What's your favourite Cotswolds building and why?
It would have to be our home [a grade II-listed, 19th-century mansion]. It used to be a boys’ boarding school – we’ve some amazing photos of it before a couple of storeys were removed.
What would you never do in the Cotswolds?
I’d never buy other than British, if I could help it. Being a farmer’s daughter, it’s in my DNA. When I kicked off my own production, I put up notices in the local Coop for skilled machinists – and discovered that a Jaeger factory had shut down in Ipswich. Unemployed skilled people going to waste! That sums up why we should be supporting them.
Starter homes or executive properties?
We should be able to design properties that look and feel as if they are meant to be here, but at an attainable price.
What are the four corners of the Cotswolds?
Cheltenham; Minchinhampton; Northleach; Guiting Power.
If you lived abroad, what would you take to remind you of the Cotswolds?
A family photograph.
What's the first piece of advice you'd give somebody new to the Cotswolds?
Don’t underestimate what we have: amazing restaurants; amazing people; amazing locations.
And which book should they read?
At the moment, it’s Julia Donaldson all the way.
Have you a favourite Cotswolds walk?
When we got married, guests kindly gave us lime trees, which we planted as our ‘Wedding Walk’ in our garden, along with 40,000 daffodils.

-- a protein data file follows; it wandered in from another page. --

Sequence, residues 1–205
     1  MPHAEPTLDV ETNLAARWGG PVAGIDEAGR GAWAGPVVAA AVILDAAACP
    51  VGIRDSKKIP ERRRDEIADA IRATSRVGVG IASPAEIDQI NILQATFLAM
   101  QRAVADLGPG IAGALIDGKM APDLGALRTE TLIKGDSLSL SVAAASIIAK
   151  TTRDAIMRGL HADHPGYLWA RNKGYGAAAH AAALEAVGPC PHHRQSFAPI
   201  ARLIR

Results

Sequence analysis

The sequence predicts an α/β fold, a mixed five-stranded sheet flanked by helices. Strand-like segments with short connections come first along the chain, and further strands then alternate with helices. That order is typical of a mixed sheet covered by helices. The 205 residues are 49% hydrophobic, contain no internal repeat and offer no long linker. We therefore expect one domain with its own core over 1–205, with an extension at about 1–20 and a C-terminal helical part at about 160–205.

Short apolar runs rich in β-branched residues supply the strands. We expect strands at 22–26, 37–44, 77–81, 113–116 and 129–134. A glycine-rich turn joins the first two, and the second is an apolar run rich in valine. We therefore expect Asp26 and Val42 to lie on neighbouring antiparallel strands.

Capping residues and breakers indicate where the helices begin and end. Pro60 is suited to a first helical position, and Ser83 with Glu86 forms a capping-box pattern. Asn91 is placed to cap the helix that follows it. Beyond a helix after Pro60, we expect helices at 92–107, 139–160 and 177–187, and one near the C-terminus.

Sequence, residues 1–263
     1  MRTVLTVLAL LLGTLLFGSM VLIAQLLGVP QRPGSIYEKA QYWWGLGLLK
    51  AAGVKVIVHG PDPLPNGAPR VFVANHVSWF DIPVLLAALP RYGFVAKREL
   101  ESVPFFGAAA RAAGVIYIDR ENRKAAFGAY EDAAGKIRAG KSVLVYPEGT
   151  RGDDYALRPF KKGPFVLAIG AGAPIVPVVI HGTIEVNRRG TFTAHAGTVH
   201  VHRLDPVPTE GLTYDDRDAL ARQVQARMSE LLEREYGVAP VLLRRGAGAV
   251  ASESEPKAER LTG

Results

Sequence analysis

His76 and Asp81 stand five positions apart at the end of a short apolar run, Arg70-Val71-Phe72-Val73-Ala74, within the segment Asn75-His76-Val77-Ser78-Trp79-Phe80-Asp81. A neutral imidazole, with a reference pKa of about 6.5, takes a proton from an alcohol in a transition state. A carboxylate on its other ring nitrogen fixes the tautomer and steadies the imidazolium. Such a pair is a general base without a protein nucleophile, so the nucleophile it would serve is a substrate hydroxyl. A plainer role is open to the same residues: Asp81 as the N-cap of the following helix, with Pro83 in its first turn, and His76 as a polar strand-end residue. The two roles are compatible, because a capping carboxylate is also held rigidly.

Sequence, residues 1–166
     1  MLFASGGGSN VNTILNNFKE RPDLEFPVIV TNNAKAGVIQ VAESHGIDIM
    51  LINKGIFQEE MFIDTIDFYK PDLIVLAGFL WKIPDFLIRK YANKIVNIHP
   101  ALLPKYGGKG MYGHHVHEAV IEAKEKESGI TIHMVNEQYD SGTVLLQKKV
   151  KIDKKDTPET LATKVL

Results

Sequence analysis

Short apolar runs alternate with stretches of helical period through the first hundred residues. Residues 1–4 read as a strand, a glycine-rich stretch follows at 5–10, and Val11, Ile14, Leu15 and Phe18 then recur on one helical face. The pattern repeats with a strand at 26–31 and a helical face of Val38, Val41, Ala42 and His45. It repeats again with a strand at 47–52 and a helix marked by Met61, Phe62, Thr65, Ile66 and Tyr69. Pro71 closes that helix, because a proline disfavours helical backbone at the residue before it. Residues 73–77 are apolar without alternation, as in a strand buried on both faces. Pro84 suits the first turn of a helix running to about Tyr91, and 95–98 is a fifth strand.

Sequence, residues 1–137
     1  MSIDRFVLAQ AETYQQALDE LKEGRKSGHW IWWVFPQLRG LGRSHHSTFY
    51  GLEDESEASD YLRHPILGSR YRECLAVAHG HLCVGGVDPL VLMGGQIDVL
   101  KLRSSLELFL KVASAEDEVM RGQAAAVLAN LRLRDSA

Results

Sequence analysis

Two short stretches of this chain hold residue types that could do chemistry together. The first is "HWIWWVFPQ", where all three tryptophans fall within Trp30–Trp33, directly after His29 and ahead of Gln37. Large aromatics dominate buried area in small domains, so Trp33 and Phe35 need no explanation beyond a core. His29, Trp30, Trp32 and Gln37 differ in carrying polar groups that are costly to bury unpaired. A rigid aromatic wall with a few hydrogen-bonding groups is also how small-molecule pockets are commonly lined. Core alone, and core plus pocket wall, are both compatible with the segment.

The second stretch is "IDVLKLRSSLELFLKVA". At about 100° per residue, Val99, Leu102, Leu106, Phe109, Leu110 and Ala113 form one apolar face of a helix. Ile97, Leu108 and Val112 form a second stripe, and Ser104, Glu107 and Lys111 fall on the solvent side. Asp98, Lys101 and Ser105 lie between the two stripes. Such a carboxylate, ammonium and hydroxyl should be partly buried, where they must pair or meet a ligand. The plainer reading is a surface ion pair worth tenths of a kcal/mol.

Which event, or activity, best sums up the Cotswolds?
Cheltenham Races encapsulate the heart of the Cotswolds. I’m a rider. I’ve still got Magic – 25 and going strong – the horse I’ve had since I was three.
If you were invisible for a day, where would you go and what would you do?
I’d take Saphaïa back in time to see me working on the family farm, grain-carting. I absolutely loved it: being outdoors; the long hours; the strong work ethic. Before and after school, I’d muck out the horses. At the weekend, I’d be competing. Children need to learn that, if you have an animal, it’s a commitment.
To whom or what should there be a Cotswolds memorial?
To the skills that built the Cotswolds. My dream is to have a ‘Savile Row’ tailor based in the boutique – just a matter of time. To highlight and employ that skillset in this area would be a wonderful thing.
The Cotswolds – aspic or asphalt?
Both. With 131, we took over a beautiful but derelict Regency property. Cornicing, fireplaces and floors had been covered over: we ripped all of that back and gave it some love and attention. Hopefully, the era of plaster-boarding over that beauty is gone forever!
Which attitude best sums up the Cotswolds?
With whom would you most like to have a (Dunkertons) cider?
Either David Attenborough. Or Ralph Lauren, who is an absolute idol of mine. He created this incredible empire, rejecting a lot of traditional fashion ethos and focusing on the classics. And he did that without technical training – same as with me. I’d ask them both what we should most take away from everything they’ve done.
(I’d also ask them: What do you think of this pint!)
Holland Cooper’s new boutique is at Dowdeswell Park, Cheltenham GL52 6UT. For opening information, visit hollandcooper.com, email email@example.com, 01608 658063. More on Lucky Onion pubs and Dunkertons Cider at theluckyonion.com and dunkertonscider.co.uk